Information may be understood as the value attached or instantiated to a characteristic or variable returned by a function or produced by a process. We note that the value returned by a function is informative about the input to the process and about the process itself. Using the proposed hierarchical model of stacked processes one may model existing ideas about information, including the communication model proposed by Shannon, information as ``thing" or information as ``knowledge." The information hierarchy provides a satisfactory link between physical processes and consistent ideas about information and higher level mental functions discussed by psychologists and philosophers. This allows information scientists and others to examine information in a uniform way across the breadth of information phenomena, providing a level of precision to some interdisciplinary discussions of information, and serving as a base to which additional limiting assumptions may be added within specific disciplines, such as the concept of ``value" for economic studies of information.
Consider the application of our conceptual framework for studying information to a telephone conversation. An electrical engineer might choose to examine the electrical pulses and waveforms on the phone line by treating the telephone line as a process that produces output whose content can be studied. A linguist might wish to study the phonetic or syntactic processes and the information they produce. The student of cultural studies might note how specific cultural biases affect the quantity and quality of information produced in beliefs by specific observational processes. Each scholar can examine the same situation and the same set of data from a discipline specific perspective, yet using common terminology and measures to describe information.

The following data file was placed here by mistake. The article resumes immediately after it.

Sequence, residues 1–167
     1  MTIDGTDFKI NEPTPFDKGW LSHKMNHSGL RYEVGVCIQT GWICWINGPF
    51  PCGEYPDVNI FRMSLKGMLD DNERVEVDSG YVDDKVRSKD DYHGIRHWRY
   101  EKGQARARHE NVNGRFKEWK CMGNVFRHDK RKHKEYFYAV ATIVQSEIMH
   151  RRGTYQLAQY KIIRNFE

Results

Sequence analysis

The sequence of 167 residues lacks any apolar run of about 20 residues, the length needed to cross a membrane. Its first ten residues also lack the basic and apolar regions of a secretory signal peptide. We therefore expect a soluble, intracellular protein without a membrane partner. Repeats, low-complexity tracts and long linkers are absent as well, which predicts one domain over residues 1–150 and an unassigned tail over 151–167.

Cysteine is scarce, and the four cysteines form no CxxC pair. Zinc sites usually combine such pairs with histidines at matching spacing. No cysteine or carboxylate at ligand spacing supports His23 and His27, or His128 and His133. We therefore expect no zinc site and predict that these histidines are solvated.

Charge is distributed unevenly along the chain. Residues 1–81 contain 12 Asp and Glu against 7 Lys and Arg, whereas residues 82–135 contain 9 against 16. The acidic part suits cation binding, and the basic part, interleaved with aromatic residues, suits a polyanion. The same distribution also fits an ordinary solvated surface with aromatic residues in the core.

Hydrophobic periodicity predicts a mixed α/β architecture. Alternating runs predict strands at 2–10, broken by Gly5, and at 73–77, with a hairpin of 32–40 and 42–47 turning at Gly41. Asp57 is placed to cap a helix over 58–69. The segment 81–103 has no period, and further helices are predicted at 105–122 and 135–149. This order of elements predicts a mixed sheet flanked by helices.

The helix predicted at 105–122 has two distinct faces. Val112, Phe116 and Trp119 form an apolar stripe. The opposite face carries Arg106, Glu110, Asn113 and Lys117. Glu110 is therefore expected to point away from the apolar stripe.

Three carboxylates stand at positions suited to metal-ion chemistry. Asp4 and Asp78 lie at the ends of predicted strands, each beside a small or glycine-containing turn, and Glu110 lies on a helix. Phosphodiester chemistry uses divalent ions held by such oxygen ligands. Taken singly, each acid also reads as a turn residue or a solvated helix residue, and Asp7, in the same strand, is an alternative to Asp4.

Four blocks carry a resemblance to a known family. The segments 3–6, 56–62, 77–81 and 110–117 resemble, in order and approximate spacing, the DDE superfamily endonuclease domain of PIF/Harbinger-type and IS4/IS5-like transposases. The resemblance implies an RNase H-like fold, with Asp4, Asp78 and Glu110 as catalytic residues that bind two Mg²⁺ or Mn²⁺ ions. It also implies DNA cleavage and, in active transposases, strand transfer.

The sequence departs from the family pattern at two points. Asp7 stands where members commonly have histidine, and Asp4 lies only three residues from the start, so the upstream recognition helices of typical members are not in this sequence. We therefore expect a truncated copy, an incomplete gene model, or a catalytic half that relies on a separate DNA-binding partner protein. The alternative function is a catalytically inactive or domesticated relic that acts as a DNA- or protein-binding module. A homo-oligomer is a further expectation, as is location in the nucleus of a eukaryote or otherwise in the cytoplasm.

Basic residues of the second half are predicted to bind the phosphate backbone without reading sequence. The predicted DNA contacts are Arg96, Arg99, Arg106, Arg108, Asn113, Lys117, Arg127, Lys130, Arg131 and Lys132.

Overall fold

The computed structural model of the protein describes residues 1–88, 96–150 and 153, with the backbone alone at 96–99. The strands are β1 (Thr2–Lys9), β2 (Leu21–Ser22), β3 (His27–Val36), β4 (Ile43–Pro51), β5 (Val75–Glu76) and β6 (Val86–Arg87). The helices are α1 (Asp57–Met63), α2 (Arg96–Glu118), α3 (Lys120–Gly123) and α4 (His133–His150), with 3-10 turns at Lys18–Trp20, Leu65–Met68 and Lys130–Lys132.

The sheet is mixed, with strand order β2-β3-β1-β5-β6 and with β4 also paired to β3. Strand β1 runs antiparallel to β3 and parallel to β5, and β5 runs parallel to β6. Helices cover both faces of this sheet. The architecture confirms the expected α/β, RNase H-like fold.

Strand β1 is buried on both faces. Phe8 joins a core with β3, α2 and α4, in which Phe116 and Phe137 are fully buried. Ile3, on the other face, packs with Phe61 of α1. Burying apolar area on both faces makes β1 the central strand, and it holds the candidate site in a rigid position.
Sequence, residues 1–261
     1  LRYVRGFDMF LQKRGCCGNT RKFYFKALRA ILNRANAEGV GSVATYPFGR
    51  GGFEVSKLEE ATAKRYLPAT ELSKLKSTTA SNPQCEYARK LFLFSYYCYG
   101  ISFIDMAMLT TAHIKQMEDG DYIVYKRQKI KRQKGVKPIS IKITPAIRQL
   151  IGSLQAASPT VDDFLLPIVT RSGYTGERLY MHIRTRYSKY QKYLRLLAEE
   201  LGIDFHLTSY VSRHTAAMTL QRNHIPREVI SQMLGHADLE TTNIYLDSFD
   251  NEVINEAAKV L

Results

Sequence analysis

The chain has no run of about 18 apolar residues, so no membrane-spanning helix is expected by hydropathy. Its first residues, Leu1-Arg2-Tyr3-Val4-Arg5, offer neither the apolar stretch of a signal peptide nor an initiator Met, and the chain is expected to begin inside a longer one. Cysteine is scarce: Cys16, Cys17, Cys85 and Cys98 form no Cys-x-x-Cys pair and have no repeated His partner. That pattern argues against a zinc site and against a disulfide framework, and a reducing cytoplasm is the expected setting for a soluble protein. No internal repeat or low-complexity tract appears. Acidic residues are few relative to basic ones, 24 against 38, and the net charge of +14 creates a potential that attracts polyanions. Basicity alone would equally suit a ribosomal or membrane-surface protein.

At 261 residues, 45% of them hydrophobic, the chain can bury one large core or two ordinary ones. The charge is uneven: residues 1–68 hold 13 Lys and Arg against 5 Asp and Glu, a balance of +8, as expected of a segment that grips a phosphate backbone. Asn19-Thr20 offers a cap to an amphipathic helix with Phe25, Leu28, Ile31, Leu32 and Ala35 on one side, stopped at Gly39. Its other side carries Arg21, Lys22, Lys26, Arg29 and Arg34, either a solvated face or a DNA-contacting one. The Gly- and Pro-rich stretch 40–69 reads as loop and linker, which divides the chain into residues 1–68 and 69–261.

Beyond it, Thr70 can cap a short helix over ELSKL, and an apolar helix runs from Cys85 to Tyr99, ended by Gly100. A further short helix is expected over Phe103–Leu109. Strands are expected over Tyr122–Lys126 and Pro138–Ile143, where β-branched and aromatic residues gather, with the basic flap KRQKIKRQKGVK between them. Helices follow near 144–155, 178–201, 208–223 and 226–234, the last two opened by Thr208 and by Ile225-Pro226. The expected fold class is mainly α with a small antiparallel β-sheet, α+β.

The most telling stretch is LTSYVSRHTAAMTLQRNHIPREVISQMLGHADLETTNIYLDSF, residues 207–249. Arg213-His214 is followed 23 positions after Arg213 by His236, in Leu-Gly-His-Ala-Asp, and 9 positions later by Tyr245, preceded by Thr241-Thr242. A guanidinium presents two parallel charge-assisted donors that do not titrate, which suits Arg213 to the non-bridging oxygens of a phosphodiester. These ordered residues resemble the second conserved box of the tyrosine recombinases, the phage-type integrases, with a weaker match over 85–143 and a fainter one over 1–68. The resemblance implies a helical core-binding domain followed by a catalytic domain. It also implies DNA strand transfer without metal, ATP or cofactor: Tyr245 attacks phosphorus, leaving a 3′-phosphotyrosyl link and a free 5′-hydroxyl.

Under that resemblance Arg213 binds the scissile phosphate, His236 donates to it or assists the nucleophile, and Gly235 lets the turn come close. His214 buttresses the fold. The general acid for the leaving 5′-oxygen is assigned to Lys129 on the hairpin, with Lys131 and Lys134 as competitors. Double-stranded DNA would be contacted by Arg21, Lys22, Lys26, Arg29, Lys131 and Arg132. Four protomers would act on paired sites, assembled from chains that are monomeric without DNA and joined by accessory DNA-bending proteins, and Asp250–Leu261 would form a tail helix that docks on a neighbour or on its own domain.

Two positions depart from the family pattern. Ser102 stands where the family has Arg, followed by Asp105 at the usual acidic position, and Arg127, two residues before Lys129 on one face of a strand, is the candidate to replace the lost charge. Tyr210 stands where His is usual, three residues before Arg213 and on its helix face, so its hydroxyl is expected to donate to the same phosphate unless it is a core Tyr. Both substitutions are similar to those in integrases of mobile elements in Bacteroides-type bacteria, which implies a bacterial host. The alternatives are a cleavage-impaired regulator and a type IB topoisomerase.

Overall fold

Although information science is seen as a social science by some [HA95] and as a branch of physics by others [Bri56], a single broad discipline-independent definition of information may serve as the basis for a rigorous and inclusive view of information. Accepting such a model simplifies the discussion of several field dependent concepts, such as knowledge and belief. Use of this hierarchical model allows us to focus our studies on the information phenomenon in all its possible incarnations.